By Peter Finney Jr., Catholic News Service
METAIRIE, La. — More than 150 people attended a prayer service at St. Catherine of Siena Church in Metairie June 14 to pray for the recovery of House Majority Whip Steve Scalise, R-Louisiana, and other victims of a shooting in Alexandria, Virginia, early that morning.
Scalise, his wife, Jennifer, and their two children are members of St. Catherine of Siena Parish. The congressman from the 1st District of Louisiana was gunned down by a lone gunman while practicing with other Republican members of the House and staffers for a charity baseball game.
Scalise sustained a bullet to the hip that also caused serious internal bleeding. After surgery, he was listed in critical condition, and as of early June 15, he remained in critical condition. He has received multiple blood transfusions. Doctors said he would require additional surgeries.
Father Ronald Calkins, pastor of St. Catherine of Siena, said the prayer service was for the shooting victims and also for those who mourn for them.
“We come here to pray to God, who is always with us and always supporting us and always helping us,” Father Calkins said. “We pray especially for those who were injured. Of course, we also come just to support each other.”
The group of House members and staff were at a baseball practice to prepare for the 56th annual Congressional Baseball Game, played each summer by members of Congress, when the shots rang out. The game will take place as scheduled June 15.
The suspected gunman was identified as James Hodgkinson of Illinois, who was shot by police and later died from his wounds. In addition to Scalise, four others were injured and transported to the hospital. They included two U.S. Capitol police officers who are on the congressman’s security detail.
“Even if all we did was to come into this church and there was no prayer service, and all we did was spend time in prayer quietly, we’re together, supporting each other. That’s very important,” Father Calkins said at the prayer service. “We also need to recommit ourselves to being people of peace, people of justice. Violence is never really the answer. Our Lord Jesus was a person of peace, a person of nonviolence, so we are his followers, his disciples. We call ourselves Christians because we follow Jesus Christ.”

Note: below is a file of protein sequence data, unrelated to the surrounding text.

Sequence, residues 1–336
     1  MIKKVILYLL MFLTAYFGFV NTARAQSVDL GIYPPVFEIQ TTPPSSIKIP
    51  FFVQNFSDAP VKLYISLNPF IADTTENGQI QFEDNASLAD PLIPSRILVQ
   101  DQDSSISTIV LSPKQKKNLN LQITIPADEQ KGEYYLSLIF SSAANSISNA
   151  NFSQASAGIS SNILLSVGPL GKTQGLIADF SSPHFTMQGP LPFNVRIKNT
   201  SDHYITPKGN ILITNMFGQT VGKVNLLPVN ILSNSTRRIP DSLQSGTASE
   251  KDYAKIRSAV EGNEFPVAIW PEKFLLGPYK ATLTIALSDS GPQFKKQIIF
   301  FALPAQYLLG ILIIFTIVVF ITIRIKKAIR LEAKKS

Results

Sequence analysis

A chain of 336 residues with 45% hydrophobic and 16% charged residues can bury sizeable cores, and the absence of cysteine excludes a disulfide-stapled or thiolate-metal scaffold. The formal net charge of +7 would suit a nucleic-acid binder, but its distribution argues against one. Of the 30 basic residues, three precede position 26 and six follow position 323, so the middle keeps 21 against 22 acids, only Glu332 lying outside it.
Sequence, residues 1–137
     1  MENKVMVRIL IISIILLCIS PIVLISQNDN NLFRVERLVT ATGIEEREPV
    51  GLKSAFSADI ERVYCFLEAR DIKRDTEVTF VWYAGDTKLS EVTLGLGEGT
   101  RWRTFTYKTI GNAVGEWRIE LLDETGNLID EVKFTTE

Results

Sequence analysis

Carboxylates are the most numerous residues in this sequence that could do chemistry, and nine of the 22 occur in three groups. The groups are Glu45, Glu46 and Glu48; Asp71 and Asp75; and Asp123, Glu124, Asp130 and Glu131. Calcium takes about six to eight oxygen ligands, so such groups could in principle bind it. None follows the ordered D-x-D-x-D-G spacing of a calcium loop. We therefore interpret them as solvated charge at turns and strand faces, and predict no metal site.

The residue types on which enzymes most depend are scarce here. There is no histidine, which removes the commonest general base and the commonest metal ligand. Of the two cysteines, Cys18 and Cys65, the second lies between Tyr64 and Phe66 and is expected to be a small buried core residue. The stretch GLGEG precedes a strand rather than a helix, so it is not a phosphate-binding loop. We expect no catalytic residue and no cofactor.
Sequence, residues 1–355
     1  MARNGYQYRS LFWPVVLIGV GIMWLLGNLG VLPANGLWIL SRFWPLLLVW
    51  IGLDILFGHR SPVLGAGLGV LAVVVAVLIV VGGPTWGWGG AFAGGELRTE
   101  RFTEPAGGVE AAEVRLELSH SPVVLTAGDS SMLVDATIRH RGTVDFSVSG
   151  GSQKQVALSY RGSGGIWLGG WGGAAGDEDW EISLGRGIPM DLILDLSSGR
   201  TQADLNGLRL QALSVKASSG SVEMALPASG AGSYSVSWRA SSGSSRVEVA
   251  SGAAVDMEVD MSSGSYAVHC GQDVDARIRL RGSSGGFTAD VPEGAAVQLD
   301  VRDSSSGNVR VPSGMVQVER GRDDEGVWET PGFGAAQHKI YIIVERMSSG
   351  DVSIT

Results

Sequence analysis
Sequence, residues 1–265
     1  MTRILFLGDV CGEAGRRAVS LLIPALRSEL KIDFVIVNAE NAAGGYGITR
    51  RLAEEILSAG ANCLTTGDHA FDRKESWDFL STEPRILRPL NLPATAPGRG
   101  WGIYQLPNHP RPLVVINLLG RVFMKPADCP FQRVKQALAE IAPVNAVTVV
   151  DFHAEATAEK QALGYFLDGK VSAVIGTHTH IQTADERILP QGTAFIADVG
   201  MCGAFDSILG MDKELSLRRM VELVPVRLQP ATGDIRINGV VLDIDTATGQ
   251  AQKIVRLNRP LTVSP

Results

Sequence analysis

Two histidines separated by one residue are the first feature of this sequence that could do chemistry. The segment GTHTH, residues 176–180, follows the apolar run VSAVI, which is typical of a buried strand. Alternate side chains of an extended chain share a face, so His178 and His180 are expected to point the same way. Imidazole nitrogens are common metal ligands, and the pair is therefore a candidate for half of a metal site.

Maria Naccari, who taught Scalise’s daughter Madison in prekindergarten at St. Catherine of Siena School, said she has always been impressed by the Scalise family’s down-to-earth attitude. When Scalise would show up with his security detail to pick up his children from school in the afternoon, she said, he never pulled rank or asked to come to the front of the line.
“They wait in line — there is no cut in line,” Naccari told the Clarion Herald, newspaper of the New Orleans Archdiocese. “They wait like everyone else, and he follows all the rules. It’s adorable. I think that’s what makes him so likable to everybody. They’re just regular people with a different job.”
“Sweet, sweet family — Mom and Dad totally involved with walking them to class. They are just normal, everyday parents. Unless you knew who he was, you would not know who he was, if that makes sense.”
Madison is entering fifth grade, and Harrison Scalise, their son, just made his first Communion and is going into third grade.
“I was very, very upset, just because he’s a genuine person,” Naccari said. “He’s a real person. You don’t think of him as a politician, but as a real dad. You think of him as an involved, regular St. Catherine person. And you think of his wife in the same way. There’s no fluff about him. He’s a real dad, a common person, really a daddy.”